The idea is that one pigeon will win every time and is often considered a riskier but potentially higher return form of investment than your typical stocks or bonds due to their variability.

7. Band Tailed pigeon

The band-tailed pigeon is about two feet tall and has a brown head with light feathering, reddish brown eyes, black feet, and a dark gray-brown neck.

It also has streaks on its tail that form a band at its end. These types of pigeons in California are seen mainly in mountainous areas up to 7,000 feet. 

This species is not currently endangered but is considered vulnerable due to human disturbance, heavy livestock grazing, competition from domestic pigeon populations, and invasive plant species that reduce habitat quality.

The mourning dove is small (about 15 inches), weighing less than 1 pound, and primarily gray or buff-colored with dark spots on its head and neck with striped markings under its eyes.

8. King pigeon

The king pigeon is a small bird and typically weighs no more than 12.5 ounces. They are furtive and are known to be timid with strangers, but they will react aggressively if they feel threatened or cornered. 

The color scheme on the king pigeon ranges from dull brown to dark blue with a white collar that can often have red or black speckles.

If you’re interested in taking care of these adorable creatures, it’s important to note that their diet consists mainly of rice-based grains, pulses, green vegetables, corn, and seeds, so you’ll want to make sure your food dish is well-stocked with this type of food.

9. White Crowned Pigeon

The White Crowned Pigeon, or Peristera albifrons, is native to California and prefers open forests, grasslands, and meadows.

They usually avoid humans if possible but can be found in nearby towns with decent-sized trees. Nesting pairs will build their nests on the branches of tree limbs high above the ground. 

The nests are made with pieces of leaves collected from plants and trees or human-made nesting boxes that are on a branch near the nesting pair’s preferred location.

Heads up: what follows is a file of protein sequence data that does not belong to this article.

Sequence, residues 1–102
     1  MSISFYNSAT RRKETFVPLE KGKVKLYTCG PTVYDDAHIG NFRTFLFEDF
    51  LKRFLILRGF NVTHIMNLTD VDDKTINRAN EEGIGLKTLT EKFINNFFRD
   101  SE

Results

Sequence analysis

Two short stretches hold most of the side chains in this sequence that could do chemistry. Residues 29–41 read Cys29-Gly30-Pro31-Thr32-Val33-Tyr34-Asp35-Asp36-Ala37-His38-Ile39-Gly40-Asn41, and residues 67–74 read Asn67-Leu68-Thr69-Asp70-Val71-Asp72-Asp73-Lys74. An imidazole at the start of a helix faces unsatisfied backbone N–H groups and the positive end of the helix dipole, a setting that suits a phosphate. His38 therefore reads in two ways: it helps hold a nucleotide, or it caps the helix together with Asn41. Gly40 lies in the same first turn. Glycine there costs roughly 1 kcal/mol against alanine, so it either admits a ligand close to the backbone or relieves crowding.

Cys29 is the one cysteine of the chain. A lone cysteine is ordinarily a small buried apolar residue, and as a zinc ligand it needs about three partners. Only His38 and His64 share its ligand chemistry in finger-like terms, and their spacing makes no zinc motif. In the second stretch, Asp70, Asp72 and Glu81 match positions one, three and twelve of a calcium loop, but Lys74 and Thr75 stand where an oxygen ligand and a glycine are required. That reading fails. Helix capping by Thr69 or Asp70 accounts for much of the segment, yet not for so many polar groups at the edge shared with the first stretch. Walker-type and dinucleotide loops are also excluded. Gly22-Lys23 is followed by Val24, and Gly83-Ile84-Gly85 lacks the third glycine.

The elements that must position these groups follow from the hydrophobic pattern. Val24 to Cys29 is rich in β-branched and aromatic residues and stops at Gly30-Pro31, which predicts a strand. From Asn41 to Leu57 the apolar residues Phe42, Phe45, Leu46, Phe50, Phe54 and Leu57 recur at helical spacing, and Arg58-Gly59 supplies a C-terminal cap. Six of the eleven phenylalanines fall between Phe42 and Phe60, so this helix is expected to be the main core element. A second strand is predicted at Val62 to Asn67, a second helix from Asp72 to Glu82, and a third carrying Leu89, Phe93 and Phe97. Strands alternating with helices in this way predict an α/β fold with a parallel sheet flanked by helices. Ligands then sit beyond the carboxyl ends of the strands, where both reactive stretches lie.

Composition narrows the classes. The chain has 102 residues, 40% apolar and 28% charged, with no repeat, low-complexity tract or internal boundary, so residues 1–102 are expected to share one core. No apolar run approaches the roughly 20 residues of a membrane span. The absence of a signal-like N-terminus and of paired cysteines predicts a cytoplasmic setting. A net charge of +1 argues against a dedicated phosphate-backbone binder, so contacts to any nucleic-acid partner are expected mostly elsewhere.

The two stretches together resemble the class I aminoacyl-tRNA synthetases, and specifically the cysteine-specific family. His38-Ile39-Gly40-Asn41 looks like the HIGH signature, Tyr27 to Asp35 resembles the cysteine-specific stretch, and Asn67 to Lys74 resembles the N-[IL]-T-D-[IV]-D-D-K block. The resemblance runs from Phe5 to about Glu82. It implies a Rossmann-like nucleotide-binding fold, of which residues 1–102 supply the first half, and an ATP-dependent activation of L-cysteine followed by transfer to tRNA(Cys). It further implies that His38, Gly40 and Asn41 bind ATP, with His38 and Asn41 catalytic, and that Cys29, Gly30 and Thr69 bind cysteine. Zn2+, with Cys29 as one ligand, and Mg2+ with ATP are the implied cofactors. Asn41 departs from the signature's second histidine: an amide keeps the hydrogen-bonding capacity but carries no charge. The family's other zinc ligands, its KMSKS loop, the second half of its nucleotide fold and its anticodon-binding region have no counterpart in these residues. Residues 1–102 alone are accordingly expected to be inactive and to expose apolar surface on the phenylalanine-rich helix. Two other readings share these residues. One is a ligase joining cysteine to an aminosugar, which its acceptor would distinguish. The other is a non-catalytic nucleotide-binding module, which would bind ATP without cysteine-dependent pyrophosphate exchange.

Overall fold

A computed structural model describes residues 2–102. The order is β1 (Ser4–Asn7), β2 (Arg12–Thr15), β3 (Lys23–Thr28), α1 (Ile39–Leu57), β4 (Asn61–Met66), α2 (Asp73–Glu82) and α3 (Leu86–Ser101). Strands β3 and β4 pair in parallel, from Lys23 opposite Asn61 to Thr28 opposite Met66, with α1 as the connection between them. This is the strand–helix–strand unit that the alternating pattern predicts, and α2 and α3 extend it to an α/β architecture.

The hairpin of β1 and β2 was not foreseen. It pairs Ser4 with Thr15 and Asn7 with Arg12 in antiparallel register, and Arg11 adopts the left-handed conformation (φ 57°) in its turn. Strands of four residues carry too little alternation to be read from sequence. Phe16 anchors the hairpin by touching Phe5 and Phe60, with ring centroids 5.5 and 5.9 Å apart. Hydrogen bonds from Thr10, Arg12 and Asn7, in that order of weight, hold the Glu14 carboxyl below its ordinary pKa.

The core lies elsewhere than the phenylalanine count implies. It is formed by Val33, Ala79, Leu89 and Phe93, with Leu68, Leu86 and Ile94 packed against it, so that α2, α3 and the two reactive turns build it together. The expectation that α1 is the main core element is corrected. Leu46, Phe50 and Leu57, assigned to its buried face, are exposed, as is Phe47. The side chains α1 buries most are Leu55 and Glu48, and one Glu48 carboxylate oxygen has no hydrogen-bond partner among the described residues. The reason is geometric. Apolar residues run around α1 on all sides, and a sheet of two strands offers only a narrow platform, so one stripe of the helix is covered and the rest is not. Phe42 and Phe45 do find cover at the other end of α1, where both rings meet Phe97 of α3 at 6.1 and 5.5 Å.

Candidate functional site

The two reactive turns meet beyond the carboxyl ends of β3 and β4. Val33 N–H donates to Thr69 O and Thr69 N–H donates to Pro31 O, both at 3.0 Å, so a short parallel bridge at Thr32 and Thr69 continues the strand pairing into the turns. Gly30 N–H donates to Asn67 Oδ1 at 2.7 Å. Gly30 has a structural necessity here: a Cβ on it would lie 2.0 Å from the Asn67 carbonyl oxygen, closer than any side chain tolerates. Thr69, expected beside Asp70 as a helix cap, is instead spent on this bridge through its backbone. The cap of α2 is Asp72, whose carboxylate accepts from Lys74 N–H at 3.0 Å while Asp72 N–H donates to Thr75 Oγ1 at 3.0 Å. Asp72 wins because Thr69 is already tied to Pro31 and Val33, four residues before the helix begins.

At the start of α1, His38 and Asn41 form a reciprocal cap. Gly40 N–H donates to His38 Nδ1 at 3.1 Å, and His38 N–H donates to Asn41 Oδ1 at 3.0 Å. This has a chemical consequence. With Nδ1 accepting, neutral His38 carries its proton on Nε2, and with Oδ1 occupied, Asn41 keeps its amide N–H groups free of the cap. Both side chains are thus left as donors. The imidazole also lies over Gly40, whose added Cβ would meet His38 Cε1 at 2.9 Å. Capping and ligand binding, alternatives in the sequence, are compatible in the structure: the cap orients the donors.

They generally lay a clutch consisting of two eggs twice a year and have been known to hatch out both clutches within one day.

This behavior could adapt to predators coming close to their nests, so one group gets eaten while the other doesn’t.

10. Roller Pigeon

The roller pigeon is a prolific breeder, so they are often used by commercial or hobbyist breeders to increase their stock.

Roller pigeons are believed to originate from Asia, and their migratory patterns may have influenced some of the earliest breeding practices. 

In addition, they were probably among the first domesticated animals because they were so easy to keep captive, and their meat was reasonably prized in ancient times.

Unlike many other species of pigeons, roller pigeons build high nests on a balcony railing or fire escape, sometimes on a roof.

11. Fantail Pigeon

One type is the fantail pigeon, which resembles a common dove with a more pointy beak and chestnut head. The eyes are beady, though not as dark-eyed or aggressive as those of Eurasian collared doves. The feathers on this bird’s back have shorter tips and appear slightly messy. 

This bird is found mainly in Southern California, with fewer sightings in Central and Northern areas. They often coexist with other types of pigeons in California, like feral rock doves and ring-necked doves. 

It will perch around low branches before flying off quickly after foraging for food scraps left by humans nearby. Feeding on seed heads scattered along sidewalks or seeding lawns can also be observed.

12. Ring-necked dove

These are so named because they have a patch of brown feathers around the neck that looks like a necklace, or as they call it in Italian – clarino.

Ring-necked doves can often be found on rooftops because they often enjoy sunning themselves on the building’s ledges or flat surfaces such as statues.

Conclusion

It is essential to know that there are different types of pigeons in California, and this knowledge can come in handy when looking out for them. Some pigeons that live here are more significant than others. 

They are also different colors, depending on where they live and which type they are. People must be careful because some species bite, while others carry disease.